Criolla Salsa Recipe – Lime Pickled Red Onions

lime-pickled onions in serving bowl

Look, I’m never going to get tired of simple, Perfect Pickled Onions. But if we want to spice things up every once in a while, that’s ok, too. Especially if the spice comes in the form of Salsa Criolla, a South American version of lightly pickled red onions with the addition of heat and subtle sweet from jalapeños and lime juice.

What is Salsa Criolla

Some people consider Salsa Criolla a condiment, other people call it a side dish. It really just depends on how much you eat in one sitting, so I guess Salsa Criolla is an entire meal for me. It is less of “salsa,” the kind we use as a sauce or dip, and more of a red onion salad with jalapeños, cilantro, and lime.

I tried Salsa Criolla for the first time as part of Peruvian cuisine, but it is served in many countries in South America and throughout Latin America. In Argentina, it is often served alongside grilled chicken and steaks, along with chimichurri. When I have salsa criolla in my house, I eat it with everything from avocado toast to grain bowls.

lime-pickled onions in mason jar

What You Need for Salsa Criolla

Salsa Criolla is even easier to throw together than regular pickled onions. You will need:

  • red onions
  • aji amarillo, which is a yellow-orange hot chili pepper native to Peru. We don’t have easy access to fresh aji amarillo here in the US so jalapeño or serrano pepper is a good substitute
  • fresh lime juice
  • vinegar (can be substituted with more fresh lime juice)
  • cilantro

How to Make Salsa Criolla

It doesn’t get easier than tossing 5 ingredients in a bowl and letting them hang out for a few minutes to marinate. Salsa criolla truly is that easy.

There are two notes about prepping onions though. The onions should be sliced ​​lengthwise and as thin as possible, since this is nearly a raw prep of onions.

How to Slice Onions and some FAQs about Prepping Onions

Why should onions be sliced ​​length-wise, from stem to root end aka pole-to-pole, versus cross-wise, which creates rings or exact semi-circles? There is some science behind the answer to this FAQ, which has to do with the physiology of the onions’ cells, tearing open the cell walls of the onion and releasing the compounds that give onions their bite. Slicing onions length-wise breaks open fewer of the onions’ cells, releases less of that compound, which means they will have less bite when served raw or lightly pickled for salsa criolla.

When onions are sliced ​​cross-wise, or around the equator if you look at the onion as a globe, more of the onions’ cell walls are torn open, so more of the compounds with the onion flavor are released, giving it a stronger flavor .

AND always cut onions length-wise, for any application, any recipe. Unless I’m making onion rings, and I don’t make onion rings.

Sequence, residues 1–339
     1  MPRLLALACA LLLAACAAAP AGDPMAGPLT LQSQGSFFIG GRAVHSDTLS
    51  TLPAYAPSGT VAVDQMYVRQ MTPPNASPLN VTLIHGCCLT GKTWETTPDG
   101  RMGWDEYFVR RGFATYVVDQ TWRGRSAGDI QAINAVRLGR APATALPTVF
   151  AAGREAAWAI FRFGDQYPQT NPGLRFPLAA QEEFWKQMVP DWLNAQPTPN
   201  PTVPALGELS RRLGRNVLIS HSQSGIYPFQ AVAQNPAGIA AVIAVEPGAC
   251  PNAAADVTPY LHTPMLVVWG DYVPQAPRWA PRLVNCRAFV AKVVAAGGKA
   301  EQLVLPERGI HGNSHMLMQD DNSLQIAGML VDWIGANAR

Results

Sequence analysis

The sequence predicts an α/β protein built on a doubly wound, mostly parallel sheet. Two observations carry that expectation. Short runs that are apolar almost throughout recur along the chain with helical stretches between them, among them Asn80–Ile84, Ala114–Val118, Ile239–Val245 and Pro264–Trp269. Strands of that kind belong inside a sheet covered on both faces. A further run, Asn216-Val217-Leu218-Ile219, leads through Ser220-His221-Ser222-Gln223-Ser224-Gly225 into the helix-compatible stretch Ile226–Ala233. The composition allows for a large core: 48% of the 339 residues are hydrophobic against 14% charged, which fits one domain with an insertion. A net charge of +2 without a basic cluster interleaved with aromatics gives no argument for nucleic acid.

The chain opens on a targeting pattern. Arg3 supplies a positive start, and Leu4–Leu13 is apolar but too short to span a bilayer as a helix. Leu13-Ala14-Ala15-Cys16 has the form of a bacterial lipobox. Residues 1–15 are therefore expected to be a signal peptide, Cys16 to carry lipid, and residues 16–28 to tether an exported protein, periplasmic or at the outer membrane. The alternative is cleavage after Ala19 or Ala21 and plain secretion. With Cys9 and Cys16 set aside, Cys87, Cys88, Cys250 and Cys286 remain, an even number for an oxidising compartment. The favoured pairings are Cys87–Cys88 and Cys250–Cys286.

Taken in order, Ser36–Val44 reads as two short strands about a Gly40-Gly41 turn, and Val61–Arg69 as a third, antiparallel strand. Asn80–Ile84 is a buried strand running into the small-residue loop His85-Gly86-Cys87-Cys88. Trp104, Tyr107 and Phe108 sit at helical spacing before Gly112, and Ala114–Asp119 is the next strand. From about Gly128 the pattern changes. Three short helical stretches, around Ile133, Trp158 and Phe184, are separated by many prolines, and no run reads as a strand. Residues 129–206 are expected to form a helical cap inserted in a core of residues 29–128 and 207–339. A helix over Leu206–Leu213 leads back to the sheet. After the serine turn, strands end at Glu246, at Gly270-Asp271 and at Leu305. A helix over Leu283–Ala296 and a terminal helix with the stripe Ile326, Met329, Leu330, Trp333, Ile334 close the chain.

The other note about prepping onions for Salsa Criolla is to make the slices as thin as possible. Because the onions are essentially raw in this preparation, thinner slices make for a more delicate onion flavor and texture.

Also? Use a razor sharp knife. That’s just good kitchen and cooking SOP for any situation. But also a sharper knife makes cleaner cuts, down to the onions’ cell walls and releases less of those flavor compounds.

salsa criolla lime-pickled onions served with salmon dinner

Tools and Equipment

Because it’s such a simple recipe with only a few ingredients, salsa criolla doesn’t require any special tools or equipment. A stable cutting board and a very sharp knife are all you really need.

If you don’t want “jalapeño hands” —getting the chili pepper’s natural oils on your hands that don’t wash off right away so could be a problem when you touch “sensitive” parts of your body — you might want to wear gloves .

How to Use Salsa Criolla

Use salsa criolla anywhere you’d use pickled onions or chopped fresh onions as a final flavor garnish:

  • alongside simple roast chicken for a major flavor boost
  • over seared salmon
  • on avocado toast
  • with cooked brown rice or quinoa for a grain bowl
salsa criolla lime-pickled onions served with Roasted cauliflower

If you want to make a full Peruvian dinner feast, serve salsa criolla along with these dishes:

salsa criolla lime-pickled onions served in quinoa cauliflower bowl

More Delicious Little Pickled Things

Print Recipe

Criolla Recipe Salsa

makes about 1 cup

Course: Side Dish

Cuisine: Latin, Peruvian

Keyword: basics, pickled onions


  • 1 medium red onion thinly sliced ​​lengthwise
  • 1 small jalapeño seeded and thinly sliced ​​lengthwise
  • 2 tablespoons freshly squeezed lime juice
  • 1 teaspoon vinegar any kind
  • 1 tablespoon thinly sliced ​​cilantro leaves
  • ½ teaspoon salt


  • Place sliced ​​onions in a bowl of ice water for 10 minutes to take out some of the onion’s “bite,” then drain and proceed as follows. If you prefer a strong onion flavor, skip this step!

  • Combine all ingredients in a bowl.

  • Serve immediately, or allow onions to marinate in lime juice and salt for a few minutes.

  • Leftover Salsa Criolla can be stored in an air-tight container in the refrigerator for 3 days. Onions will become increasingly softer and more pickled.

Leave a Comment